Forty Years after the War on Poverty: Interview with Photographer Billy E. Barnes

Photograph courtesy of Billy E. Barnes. (See

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Forty Years after the War on Poverty: Interview with Photographer Billy E. Barnes

by Elizabeth Gritter, Billy E.Barnes
Southern Cultures, Vol. 11, No. 4: Winter 2005

"There are times when you come upon a scene and everything is right. It tells a story. It has a center of interest. It has emotion. It has people in it who are beautiful people--and I don't mean Hollywood beautiful."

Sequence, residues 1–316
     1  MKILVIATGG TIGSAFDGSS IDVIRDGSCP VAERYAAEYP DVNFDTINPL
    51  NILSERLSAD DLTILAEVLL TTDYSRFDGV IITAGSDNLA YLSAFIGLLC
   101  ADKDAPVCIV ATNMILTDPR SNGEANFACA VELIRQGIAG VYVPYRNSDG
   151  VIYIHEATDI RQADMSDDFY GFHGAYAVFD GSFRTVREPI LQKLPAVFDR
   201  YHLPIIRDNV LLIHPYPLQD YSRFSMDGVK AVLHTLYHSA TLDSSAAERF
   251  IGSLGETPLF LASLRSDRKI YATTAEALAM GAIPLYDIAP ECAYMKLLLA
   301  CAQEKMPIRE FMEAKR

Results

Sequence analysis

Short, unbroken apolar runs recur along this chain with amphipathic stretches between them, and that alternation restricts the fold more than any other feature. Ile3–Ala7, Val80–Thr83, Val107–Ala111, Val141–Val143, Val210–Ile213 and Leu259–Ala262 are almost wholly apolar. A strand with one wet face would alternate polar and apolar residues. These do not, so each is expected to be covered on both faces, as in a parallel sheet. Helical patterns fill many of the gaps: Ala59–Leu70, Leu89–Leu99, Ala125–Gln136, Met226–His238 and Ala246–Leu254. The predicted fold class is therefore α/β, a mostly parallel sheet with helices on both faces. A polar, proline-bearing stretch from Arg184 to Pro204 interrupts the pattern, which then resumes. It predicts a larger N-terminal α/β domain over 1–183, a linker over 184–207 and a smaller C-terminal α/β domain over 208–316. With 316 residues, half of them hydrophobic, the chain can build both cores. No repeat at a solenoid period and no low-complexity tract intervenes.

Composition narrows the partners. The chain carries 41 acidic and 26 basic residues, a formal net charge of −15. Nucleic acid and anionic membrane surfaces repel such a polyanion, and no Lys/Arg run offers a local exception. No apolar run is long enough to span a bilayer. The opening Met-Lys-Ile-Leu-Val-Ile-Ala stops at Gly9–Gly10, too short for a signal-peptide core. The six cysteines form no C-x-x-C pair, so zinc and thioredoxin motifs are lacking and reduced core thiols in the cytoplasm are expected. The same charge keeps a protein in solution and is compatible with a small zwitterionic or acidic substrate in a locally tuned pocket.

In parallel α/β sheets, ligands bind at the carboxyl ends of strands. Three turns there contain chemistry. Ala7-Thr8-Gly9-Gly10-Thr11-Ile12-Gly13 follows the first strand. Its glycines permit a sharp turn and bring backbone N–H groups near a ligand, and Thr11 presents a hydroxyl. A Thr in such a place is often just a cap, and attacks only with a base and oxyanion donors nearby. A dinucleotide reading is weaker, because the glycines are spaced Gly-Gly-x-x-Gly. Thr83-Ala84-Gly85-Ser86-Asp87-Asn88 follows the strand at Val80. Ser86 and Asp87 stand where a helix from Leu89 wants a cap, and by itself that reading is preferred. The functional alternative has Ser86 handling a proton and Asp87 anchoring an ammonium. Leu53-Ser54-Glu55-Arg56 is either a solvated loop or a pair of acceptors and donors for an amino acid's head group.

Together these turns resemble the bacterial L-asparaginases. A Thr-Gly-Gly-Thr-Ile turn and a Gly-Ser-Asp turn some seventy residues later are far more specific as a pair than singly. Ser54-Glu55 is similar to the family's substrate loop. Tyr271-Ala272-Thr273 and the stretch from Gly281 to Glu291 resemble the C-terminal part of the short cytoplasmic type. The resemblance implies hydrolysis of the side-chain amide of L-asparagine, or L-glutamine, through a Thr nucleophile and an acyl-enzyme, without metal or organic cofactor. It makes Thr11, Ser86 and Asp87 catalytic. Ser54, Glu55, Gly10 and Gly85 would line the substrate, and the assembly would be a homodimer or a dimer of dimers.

Billy E. Barnes is one of America’s most widely published photographers. His pictures have appeared in hundreds of publications, including the New York Times, Timemagazine, and 117 books to date. The most meaningful and prolific time in his career occurred when he was with the North Carolina Fund, the statewide antipoverty agency. The Fund served as a model for the federal War on Poverty program begun by Lyndon Johnson in 1964, which consisted of a series of initiatives to combat poverty. After serving a stint in the Marine Corps in the early 1950s and as a writer and photographer in New York and Atlanta for McGraw-Hill magazines, Barnes returned in 1964 to his native North Carolina to become the Fund’s public information director. The organization’s activities included funding eleven community action agencies across the state. Influenced by the Farm Security Administration photographers of the New Deal era and the activism of the Civil Rights movement, Barnes shot more than forty thousand documentary pictures in order to promote the Fund, awaken the public to the problem of poverty, and change negative public perceptions about poor people. A self-taught photographer, he has been compared to Walker Evans, and his photographs were featured alongside those of Evans, Dorothea Lange, Margaret Bourke-White, Gordon Parks, and other well-known documentary photographers in an exhibit showcased at the Smithsonian Institution and organized by the Office of Economic Opportunity (OEO), the federal office mandated to carry out the War on Poverty effort. Since the Fund ended in 1968, Barnes worked as a freelance photographer, journalist, and television producer. His documentary pictures are housed at the Library of Congress and at the North Carolina Collection of the University of North Carolina at Chapel Hill. His work also can be seen at